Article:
Innovation, collaboration and legacy inspires dedication to the ELB

June 17, 2019

Donors to the new Engineering Lab Building envision a space that transforms students' learning experience

Celebrating Donors 2019
Celebrating Donors 2019
Dennis Kirchoff ('79 B.S.E.) (right) and his wife, Susan Bennett, at Celebrating Donors.

By Mohamad Jaafar, Summer D-SIP Intern

Dennis Kirchoff (’79 B.S.E.) and his wife, Susan Bennett, are astonished at the features of their brand-new tablet. They say the global interconnectivity offered by their new device is so much different from the technology they grew up with. It's the type of innovation they hope to see in the new Engineering Lab Building, a project they've generously supported.

Kirchoff and Bennett joined over 160 students, faculty, staff, alumni, and donors at the annual Celebrating Donors event at Lovett Hall on June 6, 2019. Many of the attendees have supported the new Engineering Lab Building on campus, which will be opening its doors in the fall of 2020.

When Kirchoff decided to enroll as an engineering student at the University of Michigan-Dearborn, he was 27 years old. Although he was a non-traditional student, Kirchoff says he felt very welcomed and was excited to be a "bigger frog in a smaller pond" at the university. UM-Dearborn's open arms to students of all different backgrounds is what inspired Lee Gorman and her husband, alumnus Mark Ritz (’75 M.S.E.), to give to the ELB. Gorman says she appreciates that the university caters to students of different ages, socioeconomic statuses, and cultures. She feels that her contribution prepares students for industry.

"Students aren't here just to become engineers. That's too narrow of a scope... they're here to be educated," Ritz said when discussing the trajectory of the engineering discipline. He's especially excited about the cross-disciplinary collaboration that will be fostered by new workspaces in the ELB.

Eric Nemeth (’85 B.A.), another ELB donor and UM-Dearborn alumnus, says that "people in narrow niches is a bygone era." Engineering and technology are playing a fundamental role in a variety of industries. His wife, Paula Nemeth (’85 B.A.), attests to the growing role of technology in her field of education. The Engineering Lab Building will provide learning spaces, labs, and flexible classrooms for engineering students to exchange ideas with non-engineering students and be innovative in their approach to addressing problems.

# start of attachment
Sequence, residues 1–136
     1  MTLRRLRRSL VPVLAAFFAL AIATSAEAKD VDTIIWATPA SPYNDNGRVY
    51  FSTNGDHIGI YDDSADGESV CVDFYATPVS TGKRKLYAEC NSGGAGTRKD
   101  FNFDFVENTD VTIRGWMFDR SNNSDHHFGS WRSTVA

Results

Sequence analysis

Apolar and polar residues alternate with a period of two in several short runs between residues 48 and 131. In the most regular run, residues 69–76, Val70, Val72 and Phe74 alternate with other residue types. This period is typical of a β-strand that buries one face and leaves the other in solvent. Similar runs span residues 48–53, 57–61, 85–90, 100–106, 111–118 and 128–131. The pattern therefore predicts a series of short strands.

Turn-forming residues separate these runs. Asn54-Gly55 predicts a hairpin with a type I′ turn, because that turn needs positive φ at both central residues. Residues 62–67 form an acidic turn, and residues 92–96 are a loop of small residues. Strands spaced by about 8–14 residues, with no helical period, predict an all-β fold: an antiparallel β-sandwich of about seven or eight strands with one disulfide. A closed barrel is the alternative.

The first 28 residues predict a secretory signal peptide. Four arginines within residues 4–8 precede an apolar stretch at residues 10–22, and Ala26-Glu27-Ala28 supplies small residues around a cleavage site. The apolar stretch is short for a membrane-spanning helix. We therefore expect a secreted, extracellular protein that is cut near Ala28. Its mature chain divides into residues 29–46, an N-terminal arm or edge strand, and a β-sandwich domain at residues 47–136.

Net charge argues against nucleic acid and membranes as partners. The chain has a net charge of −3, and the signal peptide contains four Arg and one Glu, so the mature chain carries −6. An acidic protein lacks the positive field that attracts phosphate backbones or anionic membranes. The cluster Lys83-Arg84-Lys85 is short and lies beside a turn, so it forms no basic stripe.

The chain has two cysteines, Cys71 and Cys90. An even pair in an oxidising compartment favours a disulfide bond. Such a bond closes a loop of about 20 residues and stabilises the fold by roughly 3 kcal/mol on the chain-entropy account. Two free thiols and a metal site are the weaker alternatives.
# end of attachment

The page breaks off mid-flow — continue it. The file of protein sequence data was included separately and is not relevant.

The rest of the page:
Providing an enriching education for students wasn't the only factor that inspired the Nemeth's generosity, but also past leadership at the University. Former Chancellor Daniel Little's approach to "putting the students first" and multi-disciplinary learning motivated them, and a number of other donors, to support the ELB in his honor.

The ELB donors at the event agreed that investing in higher education is their opportunity to give back with a long-lasting impact. This project ensures that UM-Dearborn graduates are innovative learners with contemporary skill sets. Bennett stresses how important it is for UM-Dearborn to be ready for the direction the world is going. She’s excited to use her new tablet, which is a testament to how far human innovation has come. With the proper space and resources, the possibilities are endless.

For more information on supporting the ELB, contact Kelly Cronin, CECS Director of Development, or 313-593-3500. To give online, click here.

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